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Re: Set of strings reducing problem (Again!)
*To*: mathgroup at smc.vnet.net
*Subject*: [mg60373] Re: [mg60339] Set of strings reducing problem (Again!)
*From*: "Edson Ferreira" <edsferr at uol.com.br>
*Date*: Wed, 14 Sep 2005 03:27:46 -0400 (EDT)
*References*: <200509131007.GAA09839@smc.vnet.net>
*Sender*: owner-wri-mathgroup at wolfram.com
Well,
It was easier than I thought it would be!!
Instead of:
ncl = StringJoin @@@ (
cl //. {x___List,
{a___, p_String, c___},
{a___, q_String, c___},
y___List} :>
{x, {a, p + q /. r, c},
y} /; StringQ[p + q /.
r])
I put:
ncl = StringJoin @@@ (
cl //. {x___List,
{a___, p_String, c___},
z___List,
{a___, q_String, c___},
y___List} :>
{x, {a, p + q /. r, c}, z, y} /; StringQ[p + q /. r])
It worked flawlessly!!!!!! Perfect!
Now I see that Pattern Matching is a VERY powerful tool in Mathematica!
Thanks folks!!!
Edson Ferreira
Mechanical Engineer
São Paulo - Brazil
----- Original Message -----
From: "Edson Ferreira" <edsferr at uol.com.br>
To: mathgroup at smc.vnet.net
Subject: [mg60373] [mg60339] Set of strings reducing problem (Again!)
>
> Dear Math Gurus,
>
> Sometime ago I have posted a problem here and got some very clever
> solutions which I would like to thank.
>
> Currently I'm working with one solution I received, but It didn't make
> the "complete" job. The strange behaviour is that for some cases it
> works the way I want.
>
> Let's post the problem (in italic) again (hope you remember):
>
> Let's say a have a list of "n" equal length strings:
>
> L={"11111111",
> "11112111",
> "1111X111",
> ...
> ...
> ...
> "21122211"}
>
> The characters used in strings are only "1", "X", "2", "U", "M", "D" and
>
> "T".
>
> What I want is a reduced set of strings (with all the resulting strings
> with the same length as all the original ones).
>
> The rule to "join" two strings is the following:
>
> If one string is different from the other by just one character then
> take the characters that are different and apply the rule bellow:
>
> "1" + "X" = "D"
> "1" + "2" = "M"
> "1" + "U" = "T"
> "X" + "2" = "U"
> "X" + "M" = "T"
> "2" + "D" = "T"
>
> For example, suppose I have these two elements in the list : "11112111"
> and "1111X111"
>
> The rule will transform these two strings into one : "1111U111"
>
> After all the possible transformations (always using two strings with
> only one different character and resulting another string) I will obtain
> a reduced set of strings.
>
> How can I do that with mathematica??
>
> I guess the first step is a function to identify is two strings are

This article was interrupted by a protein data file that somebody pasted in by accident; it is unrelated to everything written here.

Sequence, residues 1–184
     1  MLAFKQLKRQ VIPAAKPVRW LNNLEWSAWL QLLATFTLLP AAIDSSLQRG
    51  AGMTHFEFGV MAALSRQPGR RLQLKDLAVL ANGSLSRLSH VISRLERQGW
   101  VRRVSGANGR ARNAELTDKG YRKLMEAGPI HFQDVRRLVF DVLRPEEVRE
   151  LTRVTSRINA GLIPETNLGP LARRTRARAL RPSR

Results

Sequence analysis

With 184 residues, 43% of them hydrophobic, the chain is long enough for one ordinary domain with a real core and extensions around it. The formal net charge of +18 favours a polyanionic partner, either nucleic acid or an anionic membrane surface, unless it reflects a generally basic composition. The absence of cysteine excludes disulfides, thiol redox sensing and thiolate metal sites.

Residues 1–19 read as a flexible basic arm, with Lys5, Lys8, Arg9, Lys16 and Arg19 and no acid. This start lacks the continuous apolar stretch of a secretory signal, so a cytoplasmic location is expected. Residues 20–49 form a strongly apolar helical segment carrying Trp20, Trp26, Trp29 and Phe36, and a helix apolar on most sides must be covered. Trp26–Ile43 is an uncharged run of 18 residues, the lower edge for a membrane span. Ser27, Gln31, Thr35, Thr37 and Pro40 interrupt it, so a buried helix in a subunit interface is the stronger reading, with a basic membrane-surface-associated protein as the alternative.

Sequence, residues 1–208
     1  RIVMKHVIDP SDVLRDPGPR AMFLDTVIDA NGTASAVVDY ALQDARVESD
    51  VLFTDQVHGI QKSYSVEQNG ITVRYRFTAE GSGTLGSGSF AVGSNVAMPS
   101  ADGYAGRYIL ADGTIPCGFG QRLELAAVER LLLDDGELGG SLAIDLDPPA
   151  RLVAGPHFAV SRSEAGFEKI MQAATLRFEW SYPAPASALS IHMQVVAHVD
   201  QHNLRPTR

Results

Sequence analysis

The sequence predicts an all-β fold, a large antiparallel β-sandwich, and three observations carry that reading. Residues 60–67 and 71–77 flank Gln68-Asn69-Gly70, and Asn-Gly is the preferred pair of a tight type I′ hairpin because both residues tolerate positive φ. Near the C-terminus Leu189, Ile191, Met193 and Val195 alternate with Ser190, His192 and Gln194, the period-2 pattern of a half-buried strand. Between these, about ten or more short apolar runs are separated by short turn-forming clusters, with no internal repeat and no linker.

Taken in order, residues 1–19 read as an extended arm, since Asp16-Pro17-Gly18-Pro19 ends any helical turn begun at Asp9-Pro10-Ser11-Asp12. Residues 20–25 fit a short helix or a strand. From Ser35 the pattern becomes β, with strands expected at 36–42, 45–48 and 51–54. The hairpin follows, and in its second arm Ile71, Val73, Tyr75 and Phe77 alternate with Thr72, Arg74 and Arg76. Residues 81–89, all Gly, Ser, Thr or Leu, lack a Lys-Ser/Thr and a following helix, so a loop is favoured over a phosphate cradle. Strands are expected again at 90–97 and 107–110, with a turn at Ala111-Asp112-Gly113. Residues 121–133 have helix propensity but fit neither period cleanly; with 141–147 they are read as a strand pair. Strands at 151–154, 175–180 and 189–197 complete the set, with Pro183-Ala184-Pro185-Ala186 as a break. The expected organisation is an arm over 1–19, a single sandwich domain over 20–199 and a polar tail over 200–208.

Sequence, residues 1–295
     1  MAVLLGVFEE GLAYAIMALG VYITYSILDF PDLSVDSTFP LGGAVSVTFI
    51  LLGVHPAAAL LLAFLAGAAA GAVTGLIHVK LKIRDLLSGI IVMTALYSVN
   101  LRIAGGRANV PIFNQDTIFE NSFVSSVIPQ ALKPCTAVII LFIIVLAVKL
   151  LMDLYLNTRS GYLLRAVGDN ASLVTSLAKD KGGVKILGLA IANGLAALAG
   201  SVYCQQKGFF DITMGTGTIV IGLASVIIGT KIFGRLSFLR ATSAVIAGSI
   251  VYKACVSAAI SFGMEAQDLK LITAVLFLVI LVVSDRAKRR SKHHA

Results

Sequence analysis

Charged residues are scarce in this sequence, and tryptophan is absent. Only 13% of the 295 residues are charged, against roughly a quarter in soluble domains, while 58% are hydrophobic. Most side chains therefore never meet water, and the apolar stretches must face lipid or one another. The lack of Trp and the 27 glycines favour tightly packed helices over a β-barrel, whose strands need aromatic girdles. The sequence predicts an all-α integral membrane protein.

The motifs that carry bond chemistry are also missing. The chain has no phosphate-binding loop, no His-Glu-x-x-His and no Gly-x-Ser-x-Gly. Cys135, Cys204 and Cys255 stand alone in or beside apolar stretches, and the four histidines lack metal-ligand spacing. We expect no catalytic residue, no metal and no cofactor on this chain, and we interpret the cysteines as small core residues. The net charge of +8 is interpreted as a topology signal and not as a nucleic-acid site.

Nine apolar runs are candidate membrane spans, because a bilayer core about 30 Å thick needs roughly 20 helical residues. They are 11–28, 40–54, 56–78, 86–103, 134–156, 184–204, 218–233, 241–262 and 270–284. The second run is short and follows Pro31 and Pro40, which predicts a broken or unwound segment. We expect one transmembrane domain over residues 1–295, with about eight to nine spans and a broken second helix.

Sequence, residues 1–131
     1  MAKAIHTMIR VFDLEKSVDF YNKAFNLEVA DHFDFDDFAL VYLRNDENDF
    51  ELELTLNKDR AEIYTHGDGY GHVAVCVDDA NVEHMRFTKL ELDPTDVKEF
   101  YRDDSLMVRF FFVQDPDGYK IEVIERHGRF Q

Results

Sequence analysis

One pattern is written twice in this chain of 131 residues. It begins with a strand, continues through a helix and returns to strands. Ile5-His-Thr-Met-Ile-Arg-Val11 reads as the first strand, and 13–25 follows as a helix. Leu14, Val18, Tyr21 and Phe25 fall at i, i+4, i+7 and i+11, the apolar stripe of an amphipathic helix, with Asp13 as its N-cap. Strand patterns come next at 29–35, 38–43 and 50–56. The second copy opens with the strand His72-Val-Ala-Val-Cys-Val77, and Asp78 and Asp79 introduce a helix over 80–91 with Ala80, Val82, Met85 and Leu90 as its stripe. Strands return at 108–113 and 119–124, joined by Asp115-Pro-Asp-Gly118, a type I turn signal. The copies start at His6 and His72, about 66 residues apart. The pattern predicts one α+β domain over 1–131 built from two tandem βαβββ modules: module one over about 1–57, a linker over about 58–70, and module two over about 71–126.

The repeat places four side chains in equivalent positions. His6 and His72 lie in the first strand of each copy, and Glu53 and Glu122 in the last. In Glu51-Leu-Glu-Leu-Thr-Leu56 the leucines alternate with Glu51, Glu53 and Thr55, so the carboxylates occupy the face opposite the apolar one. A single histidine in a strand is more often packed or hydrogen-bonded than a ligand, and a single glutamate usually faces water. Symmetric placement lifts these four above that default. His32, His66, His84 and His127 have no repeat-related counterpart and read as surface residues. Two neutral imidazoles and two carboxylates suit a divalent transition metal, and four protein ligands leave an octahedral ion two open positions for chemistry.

> different by just one ccharacter.
> A loop then search in the set for any ocurrences of that and apply all
> possible transformations until we can't get any redution.
>
> For instance : {"T11TTTTT"} would be generated from a set with 729
> unique strings !!!!!
>
> Some Observations:
>
> - The strings are all unique.
> - The different character, can ocurr at any position.
> - The length of all strings is the same.
> -All I want is a reduced set of string, thus when you compare two
> strings and you find they differ by only one character, you ELIMINATE
> the original ones and ADD the NEW one to the original set.
> -The rules I gave are the only ones.
> -It's impossible to encounter something like "1111M111" + "11112111"
> -The two strings that will be "joined" have only one different character
> at same position!
> -You can't join "21111111" vs. "11111112" (characters at different
> positions)
>
> The clever solution I received for a set L is the following:
>
> L = {"111", "11X", "112",
> "1X1", "1XX", "1X2", "121",
> "12X", "122"};
>
> cl = Characters /@ L;
>
> r = Dispatch[{"1" + "X" -> "D",
> "1" + "2" -> "M",
> "1" + "U" -> "T",
> "X" + "2" -> "U",
> "X" + "M" -> "T",
> "2" + "D" -> "T"}];
>
> ncl = StringJoin @@@(
> cl //. {x___List,
> {a___, p_String, c___},
> {a___, q_String, c___},
> y___List} :>
> {x, {a, p + q /. r, c},
> y} /; StringQ[p + q /.
> r])
>
> Which evaluates {"1TT"}
>
> Now finally I can explain the problem (see the code bellow):
>
> In[1]:=
> Unprotect[D];
> In[2]:=
> U={"2","X"};
> In[3]:=
> M={"1","2"};
> In[4]:=
> D={"1","X"};
> In[5]:=
> T={"1","2","X"};
> In[6]:=
> L=Flatten[Outer[StringJoin,T,T,T,D]];
> In[7]:=
> L = Select[L, Count[Characters[#], "1"] > 1 &];
> In[8]:=
> cl = Characters /@ L;
> In[9]:=
> r = Dispatch[{"1" + "X" -> "D",
> "1" + "2" -> "M",
> "1" + "U" -> "T",
> "X" + "2" -> "U",
> "X" + "M" -> "T",
> "2" + "D" -> "T"}];
> In[10]:=
> ncl = StringJoin @@@ (
> cl //. {x___List,
> {a___, p_String, c___},
> {a___, q_String, c___},
> y___List} :>
> {x, {a, p + q /. r, c},
> y} /; StringQ[p + q /.
> r])
> Out[10]=
> {11TD, 121D, 12U1, 1X1D, 1XU1, 211D, 21U1, 2U11, X11D, X1U1, XU11}
>
>
> If look at some pairs of positions in the result you see that some
> combinations were not done: 2+4, 3+5, 6+9, 7+10 and 8+11
>
> The correct result is: {11TD,1U1D,1UU1,U11D,U1U1,UU11}
>
> Now, finally, the question:
>
> Why this code does not perform all possible combinations???
>
> It looks, as Stephen Layland once said, that this code will only find
> sets of strings that differ by one character that are
> right next to each other...
>
> Any solution????
>
> Sorry for the looooooooooong history...
>
> Thanks!!!!!!!!!
>
> Edson
>
>
>
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